Should I Buy Hertz? 3 Pros, 3 Cons

by Tom Taulli | August 1, 2012 2:16 pm

[1]All in all, Hertz (NYSE:HTZ[2]) posted a solid earnings report for the second quarter on Monday. Net income came to 21 cents a share, up from 12 cents a share in the same period a year ago. Revenues also rose by 7% to $2.23 billion. The Street was looking for 32 cents a share and $2.23 billion. Yet Hertz’s performance wasn’t enough to excite investors as the stock has fallen by about 4% to $11 on Wednesday afternoon.

Actually, the past year has been tough for the company. The stock is down nearly 22%.

But with a much better valuation, is now a good time for investors to take a drive with Hertz? To decide, here’s a look at the pros and cons:


Powerhouse. Hertz is the largest global airport car-rental brand. It has roughly 8,500 locations across 150 countries.

Hertz also has one of the world’s largest equipment rental businesses, offering items like small tools and even earth-moving equipment.

Transformation. Over the past five years, Hertz has undergone a major restructuring. Some of the efforts have included efficiency programs and the implementation of the Lean Six Sigma processes.

As a result, cash flows have continually improved. In the latest quarter, they came to $666.4 million, which was up by $145.1 million over the past year. Hertz has about $1.4 billion in corporate liquidity, which should be enough cushion if the global economy suffers a downturn

Innovation. While Hertz is an aggressive cost-cutter, it still understands the importance of investing in its infrastructure, technology and customer service. To this end, it has state-of-the-art on-board navigation systems, SiriusXM (NASDAQ:SIRI[3]) satellite radio services and programs like the Hertz Gold Choice.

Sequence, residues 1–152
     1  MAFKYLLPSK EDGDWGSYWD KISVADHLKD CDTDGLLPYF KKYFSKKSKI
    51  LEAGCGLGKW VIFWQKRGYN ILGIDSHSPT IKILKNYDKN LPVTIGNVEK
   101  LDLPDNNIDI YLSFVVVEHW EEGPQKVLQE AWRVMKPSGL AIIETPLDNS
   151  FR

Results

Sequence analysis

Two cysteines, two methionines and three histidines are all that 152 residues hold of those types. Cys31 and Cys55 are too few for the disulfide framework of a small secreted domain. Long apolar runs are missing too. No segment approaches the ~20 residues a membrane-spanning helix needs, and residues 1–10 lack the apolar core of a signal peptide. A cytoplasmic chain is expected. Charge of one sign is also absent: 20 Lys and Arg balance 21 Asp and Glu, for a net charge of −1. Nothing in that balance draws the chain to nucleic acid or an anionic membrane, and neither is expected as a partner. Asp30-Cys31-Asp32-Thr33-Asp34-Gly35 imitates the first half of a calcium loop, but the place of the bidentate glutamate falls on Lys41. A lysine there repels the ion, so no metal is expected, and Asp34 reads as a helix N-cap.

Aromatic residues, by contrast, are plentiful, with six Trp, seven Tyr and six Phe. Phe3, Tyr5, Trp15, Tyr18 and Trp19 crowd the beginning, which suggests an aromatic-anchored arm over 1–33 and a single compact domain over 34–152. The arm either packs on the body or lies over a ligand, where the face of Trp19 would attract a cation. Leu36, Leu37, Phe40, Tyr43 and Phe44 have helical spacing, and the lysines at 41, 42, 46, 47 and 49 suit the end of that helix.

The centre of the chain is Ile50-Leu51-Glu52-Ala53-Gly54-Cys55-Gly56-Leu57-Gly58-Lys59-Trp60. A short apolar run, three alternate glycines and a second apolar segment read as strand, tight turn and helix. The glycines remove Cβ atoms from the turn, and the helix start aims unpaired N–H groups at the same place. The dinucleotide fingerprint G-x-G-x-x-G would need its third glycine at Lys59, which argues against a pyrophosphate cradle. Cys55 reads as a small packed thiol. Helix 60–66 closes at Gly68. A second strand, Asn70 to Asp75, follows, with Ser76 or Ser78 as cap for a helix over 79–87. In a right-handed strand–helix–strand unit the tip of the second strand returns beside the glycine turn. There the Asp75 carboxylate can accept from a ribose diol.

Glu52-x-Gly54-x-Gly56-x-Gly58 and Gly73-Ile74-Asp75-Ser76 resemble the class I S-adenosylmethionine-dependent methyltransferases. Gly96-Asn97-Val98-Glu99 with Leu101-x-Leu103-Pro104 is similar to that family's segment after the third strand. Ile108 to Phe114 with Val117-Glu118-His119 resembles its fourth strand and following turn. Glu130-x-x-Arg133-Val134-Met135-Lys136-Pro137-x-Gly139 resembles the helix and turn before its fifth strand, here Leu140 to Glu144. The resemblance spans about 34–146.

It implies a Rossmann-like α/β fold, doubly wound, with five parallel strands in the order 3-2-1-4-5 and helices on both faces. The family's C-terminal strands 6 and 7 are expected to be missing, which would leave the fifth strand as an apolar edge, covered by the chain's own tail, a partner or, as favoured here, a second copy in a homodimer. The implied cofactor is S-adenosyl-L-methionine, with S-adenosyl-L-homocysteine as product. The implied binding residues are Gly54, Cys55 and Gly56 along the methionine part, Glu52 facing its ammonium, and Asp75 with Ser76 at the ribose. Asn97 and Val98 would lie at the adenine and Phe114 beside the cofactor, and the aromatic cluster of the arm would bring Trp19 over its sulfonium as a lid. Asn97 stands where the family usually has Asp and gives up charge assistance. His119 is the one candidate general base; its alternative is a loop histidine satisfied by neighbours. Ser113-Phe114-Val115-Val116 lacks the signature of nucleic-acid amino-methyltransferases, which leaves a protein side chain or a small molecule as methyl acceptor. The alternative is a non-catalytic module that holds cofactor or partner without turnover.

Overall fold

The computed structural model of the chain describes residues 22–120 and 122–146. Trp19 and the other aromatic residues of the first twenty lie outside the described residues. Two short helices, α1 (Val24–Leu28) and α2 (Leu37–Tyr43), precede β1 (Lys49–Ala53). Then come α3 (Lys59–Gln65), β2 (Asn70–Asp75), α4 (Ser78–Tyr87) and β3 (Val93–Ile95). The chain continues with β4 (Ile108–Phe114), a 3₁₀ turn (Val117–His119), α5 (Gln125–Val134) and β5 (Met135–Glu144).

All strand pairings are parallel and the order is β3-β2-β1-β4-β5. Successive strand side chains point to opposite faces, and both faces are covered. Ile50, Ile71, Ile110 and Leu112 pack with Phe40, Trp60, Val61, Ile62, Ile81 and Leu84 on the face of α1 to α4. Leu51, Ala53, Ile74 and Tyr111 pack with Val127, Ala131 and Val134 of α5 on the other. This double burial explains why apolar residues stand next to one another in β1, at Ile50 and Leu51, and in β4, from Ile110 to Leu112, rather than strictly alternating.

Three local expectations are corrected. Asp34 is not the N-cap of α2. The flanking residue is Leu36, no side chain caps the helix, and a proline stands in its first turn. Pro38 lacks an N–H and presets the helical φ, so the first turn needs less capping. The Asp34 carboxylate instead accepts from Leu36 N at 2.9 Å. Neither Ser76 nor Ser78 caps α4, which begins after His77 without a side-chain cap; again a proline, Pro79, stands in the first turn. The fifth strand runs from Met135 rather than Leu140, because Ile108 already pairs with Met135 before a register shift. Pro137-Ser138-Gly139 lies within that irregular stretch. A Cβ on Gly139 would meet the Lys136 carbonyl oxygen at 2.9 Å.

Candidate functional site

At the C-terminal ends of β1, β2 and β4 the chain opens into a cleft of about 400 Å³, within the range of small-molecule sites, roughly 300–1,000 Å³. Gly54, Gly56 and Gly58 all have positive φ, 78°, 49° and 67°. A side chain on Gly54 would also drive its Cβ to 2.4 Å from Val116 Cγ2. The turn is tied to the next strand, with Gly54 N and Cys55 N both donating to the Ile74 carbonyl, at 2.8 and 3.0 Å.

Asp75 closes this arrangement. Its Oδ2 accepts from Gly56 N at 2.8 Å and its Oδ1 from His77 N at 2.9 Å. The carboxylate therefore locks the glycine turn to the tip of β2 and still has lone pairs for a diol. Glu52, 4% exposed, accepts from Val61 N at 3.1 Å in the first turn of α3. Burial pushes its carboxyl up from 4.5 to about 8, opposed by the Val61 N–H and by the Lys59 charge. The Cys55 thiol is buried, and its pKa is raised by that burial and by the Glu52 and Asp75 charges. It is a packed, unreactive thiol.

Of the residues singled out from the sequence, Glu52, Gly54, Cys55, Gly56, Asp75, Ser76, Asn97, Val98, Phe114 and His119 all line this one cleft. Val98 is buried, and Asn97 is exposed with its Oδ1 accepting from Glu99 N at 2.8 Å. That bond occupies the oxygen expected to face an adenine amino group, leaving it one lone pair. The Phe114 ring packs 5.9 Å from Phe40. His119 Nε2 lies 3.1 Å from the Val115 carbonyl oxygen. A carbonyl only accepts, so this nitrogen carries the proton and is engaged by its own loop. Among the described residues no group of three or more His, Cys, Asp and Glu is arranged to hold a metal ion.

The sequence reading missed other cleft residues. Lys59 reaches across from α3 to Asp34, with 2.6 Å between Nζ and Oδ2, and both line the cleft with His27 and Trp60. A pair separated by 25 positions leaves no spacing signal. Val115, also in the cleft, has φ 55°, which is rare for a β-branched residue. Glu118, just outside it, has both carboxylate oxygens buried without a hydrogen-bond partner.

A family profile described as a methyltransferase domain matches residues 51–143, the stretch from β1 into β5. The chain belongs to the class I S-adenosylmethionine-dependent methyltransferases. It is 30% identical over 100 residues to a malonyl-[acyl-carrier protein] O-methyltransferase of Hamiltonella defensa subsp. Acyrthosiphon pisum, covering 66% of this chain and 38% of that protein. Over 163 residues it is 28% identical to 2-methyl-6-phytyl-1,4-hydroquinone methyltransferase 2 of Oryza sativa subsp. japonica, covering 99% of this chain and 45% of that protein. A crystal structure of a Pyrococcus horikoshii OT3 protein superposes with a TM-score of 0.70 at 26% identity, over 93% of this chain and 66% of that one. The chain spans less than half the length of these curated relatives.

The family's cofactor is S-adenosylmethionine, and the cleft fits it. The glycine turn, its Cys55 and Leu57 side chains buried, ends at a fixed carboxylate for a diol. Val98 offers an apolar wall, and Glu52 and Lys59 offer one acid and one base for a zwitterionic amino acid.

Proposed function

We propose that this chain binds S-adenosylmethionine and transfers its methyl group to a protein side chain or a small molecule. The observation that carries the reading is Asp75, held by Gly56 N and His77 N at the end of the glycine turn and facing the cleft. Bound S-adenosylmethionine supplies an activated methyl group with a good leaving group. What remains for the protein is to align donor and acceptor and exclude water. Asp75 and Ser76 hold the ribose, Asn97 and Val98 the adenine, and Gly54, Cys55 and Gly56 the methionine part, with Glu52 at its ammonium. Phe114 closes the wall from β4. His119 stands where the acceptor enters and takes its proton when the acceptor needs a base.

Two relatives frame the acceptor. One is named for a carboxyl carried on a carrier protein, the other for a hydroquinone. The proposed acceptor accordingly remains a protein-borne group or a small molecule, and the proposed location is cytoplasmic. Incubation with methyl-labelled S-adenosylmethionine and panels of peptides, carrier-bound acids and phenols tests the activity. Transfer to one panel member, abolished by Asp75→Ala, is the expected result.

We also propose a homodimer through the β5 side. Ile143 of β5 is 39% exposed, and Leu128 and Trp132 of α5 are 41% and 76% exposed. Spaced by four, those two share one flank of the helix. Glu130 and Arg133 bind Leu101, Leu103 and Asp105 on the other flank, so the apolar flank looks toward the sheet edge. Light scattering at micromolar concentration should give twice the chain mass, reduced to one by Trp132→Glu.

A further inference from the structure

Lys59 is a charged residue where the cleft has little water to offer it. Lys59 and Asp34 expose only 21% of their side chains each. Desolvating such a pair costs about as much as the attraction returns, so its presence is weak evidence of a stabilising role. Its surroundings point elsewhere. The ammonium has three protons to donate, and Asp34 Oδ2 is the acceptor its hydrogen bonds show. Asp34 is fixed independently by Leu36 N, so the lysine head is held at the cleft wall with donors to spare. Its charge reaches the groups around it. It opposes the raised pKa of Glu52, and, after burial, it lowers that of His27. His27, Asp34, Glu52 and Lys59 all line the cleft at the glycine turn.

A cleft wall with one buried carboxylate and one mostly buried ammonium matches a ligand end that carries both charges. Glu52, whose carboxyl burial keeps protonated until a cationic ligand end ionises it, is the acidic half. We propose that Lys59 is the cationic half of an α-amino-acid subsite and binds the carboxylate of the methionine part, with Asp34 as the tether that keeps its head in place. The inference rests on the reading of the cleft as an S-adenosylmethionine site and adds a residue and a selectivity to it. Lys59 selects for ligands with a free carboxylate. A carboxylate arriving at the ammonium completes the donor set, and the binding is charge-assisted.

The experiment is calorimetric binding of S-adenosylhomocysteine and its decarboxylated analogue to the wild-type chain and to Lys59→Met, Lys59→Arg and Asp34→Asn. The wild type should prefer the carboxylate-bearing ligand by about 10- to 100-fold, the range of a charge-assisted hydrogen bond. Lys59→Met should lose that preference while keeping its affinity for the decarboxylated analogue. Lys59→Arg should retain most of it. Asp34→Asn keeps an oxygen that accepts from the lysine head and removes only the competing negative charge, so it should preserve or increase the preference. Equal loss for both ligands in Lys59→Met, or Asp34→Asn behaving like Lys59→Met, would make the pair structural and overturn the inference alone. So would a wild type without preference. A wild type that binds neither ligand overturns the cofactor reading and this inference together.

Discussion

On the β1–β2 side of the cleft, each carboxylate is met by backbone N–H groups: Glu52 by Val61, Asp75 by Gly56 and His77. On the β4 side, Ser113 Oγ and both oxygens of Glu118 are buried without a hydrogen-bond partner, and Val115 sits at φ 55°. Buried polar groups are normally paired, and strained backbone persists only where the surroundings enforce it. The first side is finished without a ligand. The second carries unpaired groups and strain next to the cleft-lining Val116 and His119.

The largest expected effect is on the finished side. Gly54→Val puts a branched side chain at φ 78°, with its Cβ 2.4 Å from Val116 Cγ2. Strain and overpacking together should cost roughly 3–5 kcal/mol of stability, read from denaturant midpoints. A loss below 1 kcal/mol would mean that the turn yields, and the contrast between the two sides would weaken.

In 2008, Hertz launched a service that allows customers to rent cars by the hour or the day. It’s a way to get a piece of Zipcar’s (NASDAQ:ZIP[4]) booming market.


Competition. Hertz faces a myriad of rivals. The main players in the U.S. include Avis Budget Group (NYSE:CAR[5]) and Enterprise Rent-A-Car. In Europe, the competition includes Avis Europe and Europcar.

Global Economy. Hertz’s business is highly cyclical because it’s tied mostly to the levels of airline passenger travel. Unfortunately, the global economy is showing signs of a slowdown. In the second quarter, Hertz noted that it experienced problems in Europe, such as with excess fleet supply and more pricing pressure.

Value of the Fleet. The number of “program cars” has been declining over the years, reaching 48% of Hertz’s fleet at the end of 2011. These cars are subject to repurchase contracts. However, for the remaining cars, there’s a risk that their value will decline, which could result in losses. This is likely to be exaggerated if the global economy continues to falter.


Hertz is certainly in good shape, especially since it has been smart to improve its cost structure and find productivity gains. The company’s acquisition of Dollar Thrifty (NYSE:DTG[6]) should also add more scale.

Yet it’s certainly vulnerable to the global economy — and it looks like that situation is not improving. Perhaps the drop in the stock has already discounted this. But the problem is that there will be few catalysts to get the momentum back, at least during the next couple of quarters.

Given all this, the cons outweigh the pros on the stock for now.

Tom Taulli runs the InvestorPlace blog IPOPlaybook[7], a site dedicated to the hottest news and rumors about initial public offerings. He also is the author of “All About Short Selling”[8] and “All About Commodities.”[9] Follow him on Twitter at @ttaulli[10]. As of this writing, he did not own a position in any of the aforementioned securities.

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